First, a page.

An indictment "must contain the elements of the offense intended to be charged and sufficiently appraise the defendant of what he must be prepared to meet." Chambers v. State, 364 So. 2d 416, 419 (Ala.Crim.App.), cert. denied, 364 So. 2d 420 (Ala.1978). It is not, however, necessary for the indictment to set up the proof necessary for a conviction. Copeland v. State, 456 So. 2d 1150 (Ala.Crim.App.1984). An indictment is generally not void for vagueness because it fails to state the precise time an offense was committed. Williams v. State, 548 So. 2d 584 (Ala.Crim. App.1988). Furthermore, it is unnecessary to allege the date and time of an offense unless the date and time are material ingredients of the offense. Stout v. State, 547 So. 2d 894 (Ala.Crim.App.1988), aff'd, 547 So. 2d 901 (Ala.1989); Carroll v. State, 440 So. 2d 1168 (Ala.Crim.App.1983). We find that the trial court did not err in denying the appellant's motion to dismiss the child abuse indictment. See, e.g., Hewlett v. State, 520 So. 2d 200 (Ala.Crim.App.1987); Chambers.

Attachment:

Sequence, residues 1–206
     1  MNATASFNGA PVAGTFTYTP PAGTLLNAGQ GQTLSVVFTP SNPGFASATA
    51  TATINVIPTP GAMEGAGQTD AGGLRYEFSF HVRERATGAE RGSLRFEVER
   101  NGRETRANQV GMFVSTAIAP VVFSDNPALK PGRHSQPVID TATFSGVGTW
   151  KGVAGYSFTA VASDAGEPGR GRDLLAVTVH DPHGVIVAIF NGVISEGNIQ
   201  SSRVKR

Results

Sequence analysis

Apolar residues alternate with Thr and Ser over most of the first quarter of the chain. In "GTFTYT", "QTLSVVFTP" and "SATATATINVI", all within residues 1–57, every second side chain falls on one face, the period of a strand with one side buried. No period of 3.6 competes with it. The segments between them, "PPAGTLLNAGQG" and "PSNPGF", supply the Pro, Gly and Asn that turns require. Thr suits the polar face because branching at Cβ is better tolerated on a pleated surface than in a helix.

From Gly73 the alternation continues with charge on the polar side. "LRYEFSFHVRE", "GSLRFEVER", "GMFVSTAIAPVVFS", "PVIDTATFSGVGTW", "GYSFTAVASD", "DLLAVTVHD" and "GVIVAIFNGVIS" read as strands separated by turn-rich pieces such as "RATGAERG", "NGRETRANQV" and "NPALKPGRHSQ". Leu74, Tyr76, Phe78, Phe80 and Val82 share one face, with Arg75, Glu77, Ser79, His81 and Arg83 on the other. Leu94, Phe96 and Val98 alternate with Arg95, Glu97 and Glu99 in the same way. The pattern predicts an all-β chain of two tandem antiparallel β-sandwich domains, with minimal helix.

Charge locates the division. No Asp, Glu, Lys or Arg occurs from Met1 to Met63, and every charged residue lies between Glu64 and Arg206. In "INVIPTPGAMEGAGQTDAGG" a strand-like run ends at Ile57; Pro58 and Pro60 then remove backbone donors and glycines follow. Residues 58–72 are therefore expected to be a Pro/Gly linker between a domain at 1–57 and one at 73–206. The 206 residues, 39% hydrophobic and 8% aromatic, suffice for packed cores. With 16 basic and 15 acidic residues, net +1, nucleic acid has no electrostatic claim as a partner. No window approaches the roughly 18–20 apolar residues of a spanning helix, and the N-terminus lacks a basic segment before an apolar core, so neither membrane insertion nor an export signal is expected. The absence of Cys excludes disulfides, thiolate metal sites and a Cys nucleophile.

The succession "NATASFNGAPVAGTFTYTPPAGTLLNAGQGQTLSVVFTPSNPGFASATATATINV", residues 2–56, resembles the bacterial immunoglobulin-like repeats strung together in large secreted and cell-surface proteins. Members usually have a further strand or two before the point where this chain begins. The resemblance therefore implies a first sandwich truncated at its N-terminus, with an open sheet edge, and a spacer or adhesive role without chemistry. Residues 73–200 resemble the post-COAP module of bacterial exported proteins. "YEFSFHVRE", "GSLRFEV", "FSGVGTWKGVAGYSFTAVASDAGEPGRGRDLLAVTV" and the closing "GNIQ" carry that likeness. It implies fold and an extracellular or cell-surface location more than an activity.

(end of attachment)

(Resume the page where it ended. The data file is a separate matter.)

We have carefully reviewed all of the indictments and find that they were sufficient in their allegations "(1) to identify the accusation lest the accused be tried for an offense different from that intended by the grand jury, (2) to enable the defendant to prepare for his defense, (3) to allow the judgment to protect the defendant and foreclose the possibility of being twice put in jeopardy for the same offense, and (4) to enable the trial court after conviction to pronounce judgment on the record." Chambers, 364 So.2d at 419-20. We also note that the indictments track the language of the relevant statutes. "An indictment is sufficient which substantially follows the language of the statute, provided the statute prescribes with definiteness the constituents of the offense." Copeland at 1151 (quoting Ex parte Allred, 393 So. 2d 1030, 1032 (Ala.1980)). The appellant does not challenge the statutes. Furthermore, we have already stated that the indictments sufficiently notified the appellant of the charges against him.